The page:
Immobilization of lead in contaminated firing range soil using biochar

Deok Hyun Moon, Jae Woo Park, Yoon Young Chang, Yong Sik Ok, Sang Soo Lee, Mahtab Ahmad, Agamemnon Koutsospyros, Jeong Hun Park, Kitae Baek

Research output: Contribution to journalArticlepeer-review

119 Citations (Scopus)


Soybean stover-derived biochar was used to immobilize lead (Pb) in military firing range soil at a mass application rate of 0 to 20 wt.% and a curing period of 7 days. The toxicity characteristic leaching procedure (TCLP) was performed to evaluate the effectiveness of the treatment. The mechanism responsible for Pb immobilization in military firing range soil was evaluated by scanning electron microscopy-energy dispersive x-ray spectroscopy (SEM-EDX) and x-ray absorption fine structure (XAFS) spectroscopy analyses. The treatment results showed that TCLP Pb leachability decreased with increasing biochar content. A reduction of over 90 % in Pb leachability was achieved upon treatment with 20 wt.% soybean stover-derived biochar. SEM-EDX, elemental dot mapping and XAFS results in conjunction with TCLP leachability revealed that effective Pb immobilization was probably associated with the pozzolanic reaction products, chloropyromorphite and Pb-phosphate. The results of this study demonstrated that soybean stover-derived biochar was effective in immobilizing Pb in contaminated firing range soil.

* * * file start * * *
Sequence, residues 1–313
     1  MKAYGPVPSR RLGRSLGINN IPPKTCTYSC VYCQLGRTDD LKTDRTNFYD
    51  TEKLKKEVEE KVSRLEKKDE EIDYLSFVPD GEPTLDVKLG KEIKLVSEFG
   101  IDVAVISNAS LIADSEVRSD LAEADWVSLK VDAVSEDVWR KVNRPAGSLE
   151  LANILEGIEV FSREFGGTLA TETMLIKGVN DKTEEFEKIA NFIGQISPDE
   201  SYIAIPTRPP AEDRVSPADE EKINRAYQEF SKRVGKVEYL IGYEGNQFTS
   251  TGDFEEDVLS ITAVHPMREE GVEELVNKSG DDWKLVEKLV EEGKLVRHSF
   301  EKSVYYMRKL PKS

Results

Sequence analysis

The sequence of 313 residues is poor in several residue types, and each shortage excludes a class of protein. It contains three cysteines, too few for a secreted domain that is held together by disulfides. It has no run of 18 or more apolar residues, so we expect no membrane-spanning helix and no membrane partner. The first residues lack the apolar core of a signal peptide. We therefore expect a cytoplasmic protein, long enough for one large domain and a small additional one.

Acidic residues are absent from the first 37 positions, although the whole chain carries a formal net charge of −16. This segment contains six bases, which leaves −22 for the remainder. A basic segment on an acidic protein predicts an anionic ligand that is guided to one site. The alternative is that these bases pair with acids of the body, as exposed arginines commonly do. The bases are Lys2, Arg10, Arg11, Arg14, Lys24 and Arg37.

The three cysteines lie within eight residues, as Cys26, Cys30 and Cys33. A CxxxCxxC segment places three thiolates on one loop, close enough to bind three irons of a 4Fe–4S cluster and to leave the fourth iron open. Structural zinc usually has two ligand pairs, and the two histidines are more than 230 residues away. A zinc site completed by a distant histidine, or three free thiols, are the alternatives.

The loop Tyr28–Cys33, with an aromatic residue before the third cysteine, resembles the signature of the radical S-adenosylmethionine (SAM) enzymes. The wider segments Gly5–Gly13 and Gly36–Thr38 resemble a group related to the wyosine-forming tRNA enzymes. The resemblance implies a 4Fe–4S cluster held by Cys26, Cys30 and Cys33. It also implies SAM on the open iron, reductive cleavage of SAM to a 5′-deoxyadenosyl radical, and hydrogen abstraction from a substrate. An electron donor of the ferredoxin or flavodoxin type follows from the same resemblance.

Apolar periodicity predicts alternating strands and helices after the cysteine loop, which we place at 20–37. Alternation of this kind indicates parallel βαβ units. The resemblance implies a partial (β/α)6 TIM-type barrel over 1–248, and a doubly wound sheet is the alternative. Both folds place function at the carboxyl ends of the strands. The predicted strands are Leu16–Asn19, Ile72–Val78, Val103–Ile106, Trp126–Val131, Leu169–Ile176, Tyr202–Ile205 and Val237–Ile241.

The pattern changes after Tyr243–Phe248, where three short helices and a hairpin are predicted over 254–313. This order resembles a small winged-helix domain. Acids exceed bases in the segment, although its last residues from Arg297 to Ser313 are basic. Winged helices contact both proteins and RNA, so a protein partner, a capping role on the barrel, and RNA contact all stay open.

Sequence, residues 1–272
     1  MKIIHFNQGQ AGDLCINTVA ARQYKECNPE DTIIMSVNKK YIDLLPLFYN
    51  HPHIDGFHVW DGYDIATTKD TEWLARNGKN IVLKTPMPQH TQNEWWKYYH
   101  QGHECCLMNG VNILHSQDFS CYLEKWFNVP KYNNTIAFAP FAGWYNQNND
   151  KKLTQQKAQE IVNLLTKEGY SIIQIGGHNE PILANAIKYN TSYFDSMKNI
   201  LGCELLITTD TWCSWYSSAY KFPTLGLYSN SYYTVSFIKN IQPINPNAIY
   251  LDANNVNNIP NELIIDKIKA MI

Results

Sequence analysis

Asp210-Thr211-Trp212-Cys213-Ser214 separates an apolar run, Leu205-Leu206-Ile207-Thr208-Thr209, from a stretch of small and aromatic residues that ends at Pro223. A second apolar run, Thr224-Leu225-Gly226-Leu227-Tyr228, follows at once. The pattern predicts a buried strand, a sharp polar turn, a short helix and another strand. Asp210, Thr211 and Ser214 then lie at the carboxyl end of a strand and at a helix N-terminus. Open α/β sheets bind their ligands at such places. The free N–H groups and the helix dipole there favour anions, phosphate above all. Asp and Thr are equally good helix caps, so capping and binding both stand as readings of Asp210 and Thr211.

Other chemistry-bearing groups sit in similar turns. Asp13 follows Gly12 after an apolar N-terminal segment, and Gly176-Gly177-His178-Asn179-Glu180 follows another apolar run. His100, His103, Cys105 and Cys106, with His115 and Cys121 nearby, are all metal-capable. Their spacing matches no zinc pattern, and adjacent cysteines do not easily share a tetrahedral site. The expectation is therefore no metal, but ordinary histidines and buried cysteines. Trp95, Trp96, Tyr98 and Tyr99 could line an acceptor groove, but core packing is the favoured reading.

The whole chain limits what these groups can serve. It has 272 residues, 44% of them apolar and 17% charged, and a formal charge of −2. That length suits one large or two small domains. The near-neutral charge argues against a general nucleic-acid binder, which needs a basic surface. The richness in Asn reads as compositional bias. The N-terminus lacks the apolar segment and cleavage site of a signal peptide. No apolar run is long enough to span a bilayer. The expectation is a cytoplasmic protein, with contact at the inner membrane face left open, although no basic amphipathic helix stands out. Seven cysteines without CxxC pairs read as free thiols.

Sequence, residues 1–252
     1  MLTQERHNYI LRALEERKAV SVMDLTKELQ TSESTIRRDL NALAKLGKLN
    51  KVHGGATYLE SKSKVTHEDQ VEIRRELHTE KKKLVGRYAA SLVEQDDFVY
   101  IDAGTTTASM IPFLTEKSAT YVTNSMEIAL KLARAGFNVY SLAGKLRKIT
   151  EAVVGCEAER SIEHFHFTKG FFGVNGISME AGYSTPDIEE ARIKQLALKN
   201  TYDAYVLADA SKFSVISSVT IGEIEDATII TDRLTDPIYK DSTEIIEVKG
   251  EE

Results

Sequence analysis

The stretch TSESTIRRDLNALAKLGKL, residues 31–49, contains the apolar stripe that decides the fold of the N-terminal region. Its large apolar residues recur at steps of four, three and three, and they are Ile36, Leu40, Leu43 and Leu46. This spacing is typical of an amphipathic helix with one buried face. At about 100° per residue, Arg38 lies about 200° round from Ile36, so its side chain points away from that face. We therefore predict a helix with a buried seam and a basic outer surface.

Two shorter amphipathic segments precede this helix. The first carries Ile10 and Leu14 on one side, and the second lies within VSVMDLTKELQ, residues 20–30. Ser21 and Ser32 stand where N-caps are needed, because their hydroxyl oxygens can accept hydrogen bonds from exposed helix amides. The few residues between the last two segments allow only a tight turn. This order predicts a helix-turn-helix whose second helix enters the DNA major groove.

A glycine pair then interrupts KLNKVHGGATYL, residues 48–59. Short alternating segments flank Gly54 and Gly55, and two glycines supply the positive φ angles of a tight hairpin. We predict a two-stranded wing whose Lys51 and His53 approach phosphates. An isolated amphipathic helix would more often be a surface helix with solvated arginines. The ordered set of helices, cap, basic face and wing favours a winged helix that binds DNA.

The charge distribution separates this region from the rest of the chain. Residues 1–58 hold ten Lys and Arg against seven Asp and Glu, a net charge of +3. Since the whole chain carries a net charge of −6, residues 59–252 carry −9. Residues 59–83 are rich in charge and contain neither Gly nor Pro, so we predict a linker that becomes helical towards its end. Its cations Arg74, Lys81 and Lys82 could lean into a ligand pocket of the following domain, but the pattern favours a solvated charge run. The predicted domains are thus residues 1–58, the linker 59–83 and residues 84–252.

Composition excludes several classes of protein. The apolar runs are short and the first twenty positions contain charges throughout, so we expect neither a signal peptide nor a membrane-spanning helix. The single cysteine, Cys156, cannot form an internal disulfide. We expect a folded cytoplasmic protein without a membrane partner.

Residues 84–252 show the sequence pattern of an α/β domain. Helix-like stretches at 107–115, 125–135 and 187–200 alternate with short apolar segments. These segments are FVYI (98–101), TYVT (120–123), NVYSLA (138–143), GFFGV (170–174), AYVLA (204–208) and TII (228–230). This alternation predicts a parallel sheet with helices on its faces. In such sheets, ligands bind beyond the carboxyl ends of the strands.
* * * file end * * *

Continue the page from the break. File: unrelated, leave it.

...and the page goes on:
Original languageEnglish
Pages (from-to)8464-8471
Number of pages8
JournalEnvironmental Science and Pollution Research
Issue number12
Publication statusPublished - 2013 Dec
Externally publishedYes

Bibliographical note

Funding Information:
Acknowledgments This study was supported by the Republic of Korea Ministry of Environment as "Green Remediation Research Center for Organic–inorganic Combined Contamination (The GAIA Project-2012000550001)." This study was also supported by the Republic of Korea Ministry of Environment as The GAIA (Geo-Advanced Innovative Action) Project (no. 173-111-040).


  • Biochar
  • Firing range soil
  • Immobilization
  • Pb
  • Soybean

ASJC Scopus subject areas

  • Environmental Chemistry
  • Pollution
  • Health, Toxicology and Mutagenesis


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